Strange Bedfellows

I’ve been debating on whether to post this link, as it is likely to ruffle feathers, but I believe the author has a very valid point. I also believe that we need India as a political ally, not just an economic one. The history of the relationship between the US, Pakistan, and India is founded in bitterness and old grudges, and it is high time that we re-evaluate who we view as ideological partners and who is diametrically opposed to our values and way of life. The answer is India, and NOT Pakistan. Pakistan’s current regime is duplicitous at best, and at worse, an active enemy working to undermine our efforts to create an open and free society in Afghanistan.

Cheering Pakistan’s missile test | The Acorn.

…But the point is that even Saudi Arabia will be a little more worried than it already is. Now imagine if Pakistan’s missiles were capable of reaching Japan, Russia, Western Europe and, err, the continental United States.

India’s leaders have been scared of Pakistan’s nuclear weapons for three decades now. They are already beyond the point where they can be further scared. But the more Pakistan’s behaviour scares the leaders of other countries, not in indirect ways like a subcontinental war or through the export of terrorism, but in direct ways, the more they will see a need to tackle the military-jihadi complex that lies at its source. Few countries of the world, whether they admit it or not, are oblivious to military-jihadi complex’s use of nuclear weapons to shield its jihadi terrorists. If a direct nuclear threat is a high threshold risk, a nuclear blackmail has a relatively lower threshold of probability. (See That’s Washington’s problem)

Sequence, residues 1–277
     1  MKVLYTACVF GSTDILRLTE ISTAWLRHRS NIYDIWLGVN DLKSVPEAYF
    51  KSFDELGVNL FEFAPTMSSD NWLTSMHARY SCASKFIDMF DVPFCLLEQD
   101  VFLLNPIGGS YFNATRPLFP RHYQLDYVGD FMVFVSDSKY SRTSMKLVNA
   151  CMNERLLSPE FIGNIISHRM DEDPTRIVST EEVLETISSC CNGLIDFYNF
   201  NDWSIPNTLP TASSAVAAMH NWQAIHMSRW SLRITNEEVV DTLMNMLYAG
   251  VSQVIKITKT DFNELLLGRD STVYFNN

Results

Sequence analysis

The effect of all the stockpiling and all the launching by Pakistan will be to spread the risk among a wider group of nations. The quantum of risk India faces doesn’t change…but it will have others sharing similar risks albeit at a lower level. If the men in khaki in Rawalpindi think scaring the important powers of the world is in their interests then, to use a phrase I heard from Arun Shourie (but attributed to Napoleon) we must not interrupt the enemy when he is making a mistake.

So let’s join them in cheering the Pakistani military-jihadi complex on the successful launch of Hatf-4/Shaheen1A missile—incidentally a gift from the Clinton Administration—and encourage them to acquire missiles with ever greater ranges. (There’s a small question of whether China will sell them this stuff, but let’s not be curmudgeonly and discredit the scientific talent in Pakistan.)


Recently the third US-India Strategic Dialogue took place, and the relationship between India and Pakistan will be a key part of that dialogue, although I doubt anything of substance will result, as they are as likely to cooperate as the Palestinians and the Israelis. Then again, why should they? How can you cooperate with an opponent whose only goal is the absence of you, in the universe? As with most conflicts, it isn’t the populace that pose a threat, it is those in control: the religious extremists, the military, and the autocracy. Whether it is Iran, North Korea, or Pakistan, the people do not have freedom of knowledge, much less freedom of speech. Pakistan is notorious for allowing its religious minority to make policy and control the direction of the country, and that direction veers farther and farther from representative government of the people, for the people, and by the people.